Now, farmers are discovering that the FDA’s proposed rules would curtail many techniques that are common among organic growers, including spreading house-made fertilizers, tilling cropland with grazing animals, and irrigating from open creeks.

Obviously there are negative implications for small businesses:

“They are going to drive farms out of business,” said Dave Runsten, policy director for Community Alliance with Family Farmers in Davis, Calif.

“The consumer groups behind this don’t understand farming,” Runsten says. “They talk out of both sides of their mouth. They demand these one-size-fits-all regulations, then say, ‘I don’t want to hurt those cute little farmers at the farmers market. I shop at the farmers market.’ It is frustrating.” …

“The public loves to love and idealize us little family farmers,” he [Crawford, a farmer] said. “But the vast majority of us are hanging by a thread. Now, the government is saying, ‘We are going to put a lot more weight on that thread.'”

And I hate to get back into regulations being trade-offs, but the shoe seems to fit. Of course we need common sense food regulations, but isn’t the trickle up economics obvious? Small farms close and big-agra is either unaffected or can subsume and move on.

And what about the EPA and the environmental groups that shape its agenda (as the consumer groups shape the FDA’s)? Petrochemical fertilizers rather than compost or animal manure? Get your water from someplace far away rather than the nearby creek? Using fossil-fuel driven machinery rather than grazing animals (granted, I’m sure PETA is pleased)? I can’t see Greenpeace, etc., getting behind that.

Somehow we need to find a more comprehensive view of the regulation environment. There are shared goals of liberty, economy, ecology, and safety here. To pursue one without heeding the others will not end well.

Side note:
I also find interesting that when the L.A. times says, “Tens of millions of consumers are sickened by tainted food each year, and some 3,000 die annually as a result,” they link to this page from the CDC. I’m not sure where they got the “tens of millions” number, as the five illnesses listed here make up 91% of all cases and add up to less that ten million. That said, the number one cause of illness (58%) is Norovirus, which the CDC itself says you can get, “from an infected person, contaminated food or water, or by touching contaminated surfaces.” The question this raises is how many of these 5,461,731 cases of Norovirus were directly related to food and not from person-to-person or surface-to-person contamination? If it includes the other two, isn’t the five million plus figure misleading? I may just be cynical and this may be above board, but it just seems like they’re using these numbers to justify constrictive regulations which will have little to no impact on said numbers.




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Conservative Environmentalism

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I’ve been explicitly concerned about the environment since I was a hippy in my late teens. As I evolved from hippy to punk in my early 20’s, I took my environmental concern with me. I recall when the accuracy of Al Gore’s An Inconvenient Truth came under skepticism, my reaction was that even if it wasn’t all true, it was okay because the world needed to be shocked into action. More on that later.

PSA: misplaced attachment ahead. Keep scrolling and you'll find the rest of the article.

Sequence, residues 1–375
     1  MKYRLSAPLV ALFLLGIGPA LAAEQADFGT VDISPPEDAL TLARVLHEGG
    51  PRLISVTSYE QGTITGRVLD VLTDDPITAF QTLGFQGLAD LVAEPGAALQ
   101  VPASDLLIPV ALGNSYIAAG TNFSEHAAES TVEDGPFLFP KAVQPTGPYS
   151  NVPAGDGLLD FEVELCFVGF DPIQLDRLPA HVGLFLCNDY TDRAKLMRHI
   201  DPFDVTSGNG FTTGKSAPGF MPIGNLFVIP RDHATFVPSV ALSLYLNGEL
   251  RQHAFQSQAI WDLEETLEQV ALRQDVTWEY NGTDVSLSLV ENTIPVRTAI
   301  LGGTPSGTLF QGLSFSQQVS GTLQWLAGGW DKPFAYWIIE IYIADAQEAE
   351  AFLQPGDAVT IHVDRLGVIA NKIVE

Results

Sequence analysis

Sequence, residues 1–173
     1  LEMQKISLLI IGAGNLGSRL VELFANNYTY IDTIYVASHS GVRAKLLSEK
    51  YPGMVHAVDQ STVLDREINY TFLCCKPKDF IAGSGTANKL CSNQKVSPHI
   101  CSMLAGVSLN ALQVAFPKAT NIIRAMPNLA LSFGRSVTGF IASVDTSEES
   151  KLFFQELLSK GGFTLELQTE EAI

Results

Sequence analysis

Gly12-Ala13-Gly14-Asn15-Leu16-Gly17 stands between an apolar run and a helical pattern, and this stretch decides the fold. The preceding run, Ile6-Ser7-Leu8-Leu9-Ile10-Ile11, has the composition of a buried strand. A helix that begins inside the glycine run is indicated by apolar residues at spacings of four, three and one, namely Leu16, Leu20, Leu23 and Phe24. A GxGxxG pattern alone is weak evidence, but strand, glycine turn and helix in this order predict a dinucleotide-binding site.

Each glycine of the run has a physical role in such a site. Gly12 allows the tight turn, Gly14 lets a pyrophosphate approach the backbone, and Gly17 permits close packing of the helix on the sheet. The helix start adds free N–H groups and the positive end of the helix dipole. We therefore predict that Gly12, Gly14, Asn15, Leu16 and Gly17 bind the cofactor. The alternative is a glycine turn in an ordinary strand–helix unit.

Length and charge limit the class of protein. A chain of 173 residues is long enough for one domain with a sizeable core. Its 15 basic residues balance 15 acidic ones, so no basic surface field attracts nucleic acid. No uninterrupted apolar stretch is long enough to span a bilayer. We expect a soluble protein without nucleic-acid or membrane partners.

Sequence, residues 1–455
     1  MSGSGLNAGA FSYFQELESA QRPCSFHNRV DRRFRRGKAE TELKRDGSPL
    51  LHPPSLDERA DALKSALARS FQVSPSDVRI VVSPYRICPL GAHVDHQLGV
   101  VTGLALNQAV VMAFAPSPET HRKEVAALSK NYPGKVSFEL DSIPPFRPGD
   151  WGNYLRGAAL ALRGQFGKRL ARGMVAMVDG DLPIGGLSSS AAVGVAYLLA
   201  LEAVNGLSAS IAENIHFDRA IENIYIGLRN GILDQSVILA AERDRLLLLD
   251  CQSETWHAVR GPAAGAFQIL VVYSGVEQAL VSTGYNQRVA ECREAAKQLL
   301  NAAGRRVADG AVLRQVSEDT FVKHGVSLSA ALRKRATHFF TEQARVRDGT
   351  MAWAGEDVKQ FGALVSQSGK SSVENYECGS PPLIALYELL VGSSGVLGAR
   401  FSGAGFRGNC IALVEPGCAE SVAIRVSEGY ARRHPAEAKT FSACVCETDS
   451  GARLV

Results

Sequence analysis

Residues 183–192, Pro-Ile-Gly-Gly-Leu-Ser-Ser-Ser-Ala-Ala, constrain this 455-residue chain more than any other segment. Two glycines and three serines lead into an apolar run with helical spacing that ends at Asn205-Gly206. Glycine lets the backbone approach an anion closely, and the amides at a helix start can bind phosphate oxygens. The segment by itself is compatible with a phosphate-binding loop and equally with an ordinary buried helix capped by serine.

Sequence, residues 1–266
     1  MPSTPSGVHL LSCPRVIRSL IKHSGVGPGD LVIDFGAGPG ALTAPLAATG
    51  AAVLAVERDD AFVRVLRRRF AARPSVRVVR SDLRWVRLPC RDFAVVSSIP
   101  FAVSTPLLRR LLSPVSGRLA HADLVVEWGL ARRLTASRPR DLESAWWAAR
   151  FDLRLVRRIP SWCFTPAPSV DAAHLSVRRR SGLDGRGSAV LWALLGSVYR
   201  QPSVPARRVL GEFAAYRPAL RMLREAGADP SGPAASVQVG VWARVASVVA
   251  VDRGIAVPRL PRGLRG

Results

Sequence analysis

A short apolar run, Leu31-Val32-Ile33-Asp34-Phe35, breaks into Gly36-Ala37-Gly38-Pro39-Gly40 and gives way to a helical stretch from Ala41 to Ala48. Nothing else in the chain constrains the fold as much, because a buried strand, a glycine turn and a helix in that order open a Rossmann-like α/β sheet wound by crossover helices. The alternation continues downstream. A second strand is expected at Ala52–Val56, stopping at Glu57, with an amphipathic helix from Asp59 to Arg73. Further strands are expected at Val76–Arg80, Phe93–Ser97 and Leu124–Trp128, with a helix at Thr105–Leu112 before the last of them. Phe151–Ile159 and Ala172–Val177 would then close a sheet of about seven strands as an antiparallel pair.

I was also a liberal throughout this time. In addition to heavy-handed government to stop environmental degradation, I also wanted single-payer health care, and government redistribution of wealth. Without irony, I also considered myself something of an anarchist while advocating these positions, and probably would have participated in Black Bloc activism had the opportunity presented itself (similarly, I was sympathetic to Earth First! style environmental terrorism).

Around 2009, through a complex series of reconsiderations, I developed a more conservative worldview. This involved transitions from revolutionary to a return to first principals and, importantly, from looking to government for answers to advocacy of limited government.

While my concern for the environment was unabated, my previous thoughts on policy implementation were no longer acceptable, so most of my advocacy was on the personal level: composting, recycling, rain barrel, prudent consumerism, riding my bike to work, organic and local food, etc.

Read the rest of this entry »

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More on Regulations

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In my last post, I wrote generally about the trade-offs in regulations. The idea being that regulations are simply “good” versus “bad” is not a constructive argument. In this post, I hope to highlight some regulations I consider bad and perhaps look into more appropriate regulations.

The Dodd-Frank Wall Street Reform and Consumer Protection Act is probably a good place to start. As the linked article points out, the Consumer Financial Protection Bureau (CFPB) is not funded by congress and hence very little accountability to them. So-called “Systemically Important” banks is essentially codifying “Too Big to Fail” — exactly the wrong message to send to banks that were bailed out for previous failures. Nearly 14,000 pages of regulation have been cranked out to implement the law. Note here that the bill itself was approximately 2,253 pages, but couldn’t contain a fourth of the myriad actual regulations it has spawned. This Forbes’  quote represents a what seems to be a consensus: